01 November 2006

A Place and a Base: Guam and the American Presence in East Asia

Andrew S. Erickson and Justin Mikolay, “A Place and a Base: Guam and the American Presence in East Asia,” in Carnes Lord, ed., Reposturing the Force: U.S. Overseas Presence in the Twenty-first Century, Naval War College Newport Paper 26 (2006), 65-93.

Rising threats to American national security in East Asia coincide with growing uncertainty concerning the future of local support for U.S. basing access there. There is little reason to expect this situation to improve substantially in the foreseeable future. American planners have finally recognized the imperative to build up Guam as a sovereign anchor of America’s force posture in East Asia, to protect American interests in that strategically vital region. In what follows, we examine Guam’s potential importance as a forward operating base for the U.S. Navy and Air Force.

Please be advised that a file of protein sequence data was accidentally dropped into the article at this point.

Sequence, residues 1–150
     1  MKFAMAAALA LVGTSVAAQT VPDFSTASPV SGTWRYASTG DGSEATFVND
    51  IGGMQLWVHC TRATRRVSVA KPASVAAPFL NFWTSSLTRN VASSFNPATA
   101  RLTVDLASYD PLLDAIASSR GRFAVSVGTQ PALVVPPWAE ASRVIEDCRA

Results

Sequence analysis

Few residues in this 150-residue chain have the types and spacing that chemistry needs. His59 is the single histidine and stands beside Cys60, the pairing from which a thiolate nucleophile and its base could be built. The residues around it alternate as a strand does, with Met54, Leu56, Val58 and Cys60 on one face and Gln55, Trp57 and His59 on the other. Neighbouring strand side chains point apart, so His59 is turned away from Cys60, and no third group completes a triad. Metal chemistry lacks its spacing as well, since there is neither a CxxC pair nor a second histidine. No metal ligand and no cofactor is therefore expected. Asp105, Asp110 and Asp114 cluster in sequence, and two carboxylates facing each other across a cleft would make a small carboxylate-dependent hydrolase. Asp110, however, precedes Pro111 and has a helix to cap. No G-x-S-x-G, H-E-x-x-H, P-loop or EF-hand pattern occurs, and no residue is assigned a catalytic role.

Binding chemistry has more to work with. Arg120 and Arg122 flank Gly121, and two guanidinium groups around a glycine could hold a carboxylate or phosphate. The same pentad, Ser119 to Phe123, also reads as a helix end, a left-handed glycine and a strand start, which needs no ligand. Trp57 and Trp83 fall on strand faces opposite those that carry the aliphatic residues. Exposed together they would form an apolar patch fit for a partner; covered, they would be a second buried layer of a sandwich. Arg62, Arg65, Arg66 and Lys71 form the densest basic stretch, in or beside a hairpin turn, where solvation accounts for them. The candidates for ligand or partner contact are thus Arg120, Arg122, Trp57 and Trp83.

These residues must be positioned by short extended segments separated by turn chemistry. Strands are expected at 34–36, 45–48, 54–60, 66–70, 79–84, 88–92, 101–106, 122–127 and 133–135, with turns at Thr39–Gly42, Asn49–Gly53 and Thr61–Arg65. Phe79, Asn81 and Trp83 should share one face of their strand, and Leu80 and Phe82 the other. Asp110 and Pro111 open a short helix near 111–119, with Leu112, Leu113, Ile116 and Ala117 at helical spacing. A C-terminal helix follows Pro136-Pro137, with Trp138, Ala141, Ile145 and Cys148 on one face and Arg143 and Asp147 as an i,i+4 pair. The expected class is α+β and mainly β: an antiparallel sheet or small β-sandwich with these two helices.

We first detail American interests in East Asia, with particular emphasis on the new national security strategy and potential sources of regional instability. Second, we critically evaluate the 2004 Global Posture Study and the call of the 2001 Quadrennial Defense Review for “places, not bases.” Third, we review the various political constraints on U.S. military activities in the region. Finally, we explain the importance of strengthening port facilities in Guam, to transform it into a hub fully capable of supporting operations throughout East Asia. … …